Science Experiments at Home: Make a Walking Water Rainbow with Kids
Nothing brightens up a day like making your own rainbow! For this colorful science experiment, kids get to create their own mini rainbow while learning about capillary action. One of our 63 Easy Experiments for Kids Using Household Stuff, this simple experiment uses only water, food coloring, and paper towels.
Read on for a simple way to bring a little bit of cheer into your house.
You will need:
7 wide mouth jars or drinking glasses, food coloring (the 3 primary colors red, yellow, and blue), water, scissors, and paper towel (the thicker the better--we used thinner paper towels and the experiment took a lot longer). But don't worry: no matter how long it takes, the magic will happen!
Step 1: The Jars
Arrange the 7 jars in a line.
Step 2: The Water
Fill every other jar starting with the first about 3/4 of the way up with water. (We used less water and it took longer, so don't be shy with the water and the food coloring.)
Step 3: The Color
Add the food coloring. If you have the 7 jars arranged in a line, add a healthy squirt of red to the first and the last jar, yellow to the third jar, and blue to the fifth jar. Only the jars with water get the food coloring. So: red, skip a jar, yellow, skip a jar, blue, skip a jar, then red again.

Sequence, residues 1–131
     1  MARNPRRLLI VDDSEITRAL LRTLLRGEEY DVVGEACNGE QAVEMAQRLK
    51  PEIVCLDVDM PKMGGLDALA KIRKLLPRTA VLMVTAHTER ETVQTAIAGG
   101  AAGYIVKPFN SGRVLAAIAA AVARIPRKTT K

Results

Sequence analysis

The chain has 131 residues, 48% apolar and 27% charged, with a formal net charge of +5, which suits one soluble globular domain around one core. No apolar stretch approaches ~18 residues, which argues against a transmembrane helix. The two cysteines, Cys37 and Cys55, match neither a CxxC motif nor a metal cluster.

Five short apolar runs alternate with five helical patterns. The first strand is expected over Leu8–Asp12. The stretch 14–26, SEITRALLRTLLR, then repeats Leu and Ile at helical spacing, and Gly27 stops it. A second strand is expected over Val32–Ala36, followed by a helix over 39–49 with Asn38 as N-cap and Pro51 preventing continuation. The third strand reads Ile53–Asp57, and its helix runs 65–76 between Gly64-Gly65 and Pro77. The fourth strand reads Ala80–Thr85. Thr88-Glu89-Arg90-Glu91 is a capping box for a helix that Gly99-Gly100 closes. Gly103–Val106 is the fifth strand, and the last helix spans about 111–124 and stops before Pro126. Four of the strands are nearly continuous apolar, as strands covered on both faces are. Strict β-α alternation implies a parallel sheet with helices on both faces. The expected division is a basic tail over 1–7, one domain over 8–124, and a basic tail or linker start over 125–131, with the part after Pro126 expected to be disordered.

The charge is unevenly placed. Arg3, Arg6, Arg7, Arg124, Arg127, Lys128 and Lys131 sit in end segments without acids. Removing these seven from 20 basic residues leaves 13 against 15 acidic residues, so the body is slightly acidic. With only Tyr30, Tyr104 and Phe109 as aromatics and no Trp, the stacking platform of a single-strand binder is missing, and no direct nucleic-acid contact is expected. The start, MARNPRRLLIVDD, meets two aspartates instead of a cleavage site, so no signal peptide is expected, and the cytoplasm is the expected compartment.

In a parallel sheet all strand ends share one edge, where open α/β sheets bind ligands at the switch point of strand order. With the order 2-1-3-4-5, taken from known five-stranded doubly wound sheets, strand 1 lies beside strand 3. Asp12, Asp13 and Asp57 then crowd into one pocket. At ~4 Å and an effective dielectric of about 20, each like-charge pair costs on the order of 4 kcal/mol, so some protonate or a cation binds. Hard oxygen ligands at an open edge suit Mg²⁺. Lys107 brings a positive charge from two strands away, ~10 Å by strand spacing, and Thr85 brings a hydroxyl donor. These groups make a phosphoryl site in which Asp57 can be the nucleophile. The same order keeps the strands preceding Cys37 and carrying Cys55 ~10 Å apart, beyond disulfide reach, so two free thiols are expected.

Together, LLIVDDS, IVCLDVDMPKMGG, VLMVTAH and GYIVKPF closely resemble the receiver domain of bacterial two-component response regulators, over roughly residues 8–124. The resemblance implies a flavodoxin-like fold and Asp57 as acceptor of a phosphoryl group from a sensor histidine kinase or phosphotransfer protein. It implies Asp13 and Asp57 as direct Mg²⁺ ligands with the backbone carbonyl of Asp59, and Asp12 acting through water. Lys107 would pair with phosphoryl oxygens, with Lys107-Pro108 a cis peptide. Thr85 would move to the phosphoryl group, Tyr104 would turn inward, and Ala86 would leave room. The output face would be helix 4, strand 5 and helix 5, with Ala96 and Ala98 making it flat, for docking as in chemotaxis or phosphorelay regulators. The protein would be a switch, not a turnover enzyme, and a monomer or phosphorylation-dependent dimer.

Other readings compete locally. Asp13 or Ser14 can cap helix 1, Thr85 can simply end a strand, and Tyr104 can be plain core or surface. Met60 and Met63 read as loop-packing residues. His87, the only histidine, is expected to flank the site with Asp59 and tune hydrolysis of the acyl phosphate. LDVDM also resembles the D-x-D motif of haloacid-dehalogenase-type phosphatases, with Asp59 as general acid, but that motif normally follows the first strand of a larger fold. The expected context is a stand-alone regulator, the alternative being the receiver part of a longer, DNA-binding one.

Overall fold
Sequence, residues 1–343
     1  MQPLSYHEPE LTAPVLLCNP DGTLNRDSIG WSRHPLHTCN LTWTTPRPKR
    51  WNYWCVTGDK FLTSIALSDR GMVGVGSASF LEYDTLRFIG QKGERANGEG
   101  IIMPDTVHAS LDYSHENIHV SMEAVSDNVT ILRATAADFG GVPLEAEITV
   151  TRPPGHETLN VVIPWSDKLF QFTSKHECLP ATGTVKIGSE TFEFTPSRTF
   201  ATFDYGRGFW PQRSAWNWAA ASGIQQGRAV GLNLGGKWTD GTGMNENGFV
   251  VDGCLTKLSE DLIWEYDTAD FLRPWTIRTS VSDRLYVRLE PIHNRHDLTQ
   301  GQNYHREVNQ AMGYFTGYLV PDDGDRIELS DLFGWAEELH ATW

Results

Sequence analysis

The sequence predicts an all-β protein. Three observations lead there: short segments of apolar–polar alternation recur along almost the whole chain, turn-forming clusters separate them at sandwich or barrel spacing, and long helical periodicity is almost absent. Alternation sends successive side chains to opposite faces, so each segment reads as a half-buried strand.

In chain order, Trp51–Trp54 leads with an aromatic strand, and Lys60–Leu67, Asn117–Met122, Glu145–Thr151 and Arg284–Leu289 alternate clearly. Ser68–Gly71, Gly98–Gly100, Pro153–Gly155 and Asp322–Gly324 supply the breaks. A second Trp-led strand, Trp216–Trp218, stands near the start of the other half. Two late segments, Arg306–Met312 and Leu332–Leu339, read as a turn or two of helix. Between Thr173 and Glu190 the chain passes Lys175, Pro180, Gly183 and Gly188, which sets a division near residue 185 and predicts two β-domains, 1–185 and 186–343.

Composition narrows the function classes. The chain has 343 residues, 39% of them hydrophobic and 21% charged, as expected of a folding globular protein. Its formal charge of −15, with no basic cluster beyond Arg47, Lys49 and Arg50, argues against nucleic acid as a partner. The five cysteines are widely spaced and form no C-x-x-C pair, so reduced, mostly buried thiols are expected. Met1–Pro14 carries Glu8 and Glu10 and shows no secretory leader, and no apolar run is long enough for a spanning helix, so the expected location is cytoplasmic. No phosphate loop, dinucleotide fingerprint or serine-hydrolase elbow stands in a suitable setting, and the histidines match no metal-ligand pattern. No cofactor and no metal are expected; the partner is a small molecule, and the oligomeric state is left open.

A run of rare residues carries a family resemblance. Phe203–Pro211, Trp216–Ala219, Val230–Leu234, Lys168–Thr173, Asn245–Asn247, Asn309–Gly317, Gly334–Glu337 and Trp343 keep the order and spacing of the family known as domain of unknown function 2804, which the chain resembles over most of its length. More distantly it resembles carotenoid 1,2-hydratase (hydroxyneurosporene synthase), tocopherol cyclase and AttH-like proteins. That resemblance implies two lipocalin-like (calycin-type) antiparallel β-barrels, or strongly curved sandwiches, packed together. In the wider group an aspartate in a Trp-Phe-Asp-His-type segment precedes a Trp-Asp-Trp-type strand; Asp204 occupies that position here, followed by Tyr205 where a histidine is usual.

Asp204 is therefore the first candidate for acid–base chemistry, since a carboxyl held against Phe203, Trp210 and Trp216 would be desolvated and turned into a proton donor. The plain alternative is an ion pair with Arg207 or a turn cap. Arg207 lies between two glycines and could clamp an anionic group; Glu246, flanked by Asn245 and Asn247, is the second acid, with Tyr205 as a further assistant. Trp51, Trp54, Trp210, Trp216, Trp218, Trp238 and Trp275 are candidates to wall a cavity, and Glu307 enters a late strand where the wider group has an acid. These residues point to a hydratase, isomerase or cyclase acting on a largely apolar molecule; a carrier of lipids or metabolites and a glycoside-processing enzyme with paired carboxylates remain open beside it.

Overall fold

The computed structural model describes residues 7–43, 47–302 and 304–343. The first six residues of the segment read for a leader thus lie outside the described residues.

Step 4: Fold The Paper Towels
Fold 6 paper towels in half and then in half again so you have long, thin paper towels. Really crease those folds! Next, fold one of the long paper towels in half length-wise so it's half the size. Depending on how tall your jars or glasses are, you'll want to cut a good inch or inch and a half off the end with scissors. You don't want the paper towels to stick up in the air too much. Repeat that step 5 more times with each of the remaining paper towels.
Step 5: Place Paper Towels in the Jars
Put one end of a folded paper towel in the first jar and the other end in the second jar. Take another and put one end in the second jar and the other end in the third jar. Repeat until you have a zigzag of paper towels going from the first jar to the last.
Step 6: Watch the Magic Happen!
The colored water is traveling up the narrow paper towel against gravity, using a process called capillary action. The water is pulled up through tiny gaps between the fibers in the paper towel, wicking each color up out of one jar and down into the next. The once empty jars are now filling up with the 2 colors from the jars on each side and mixing!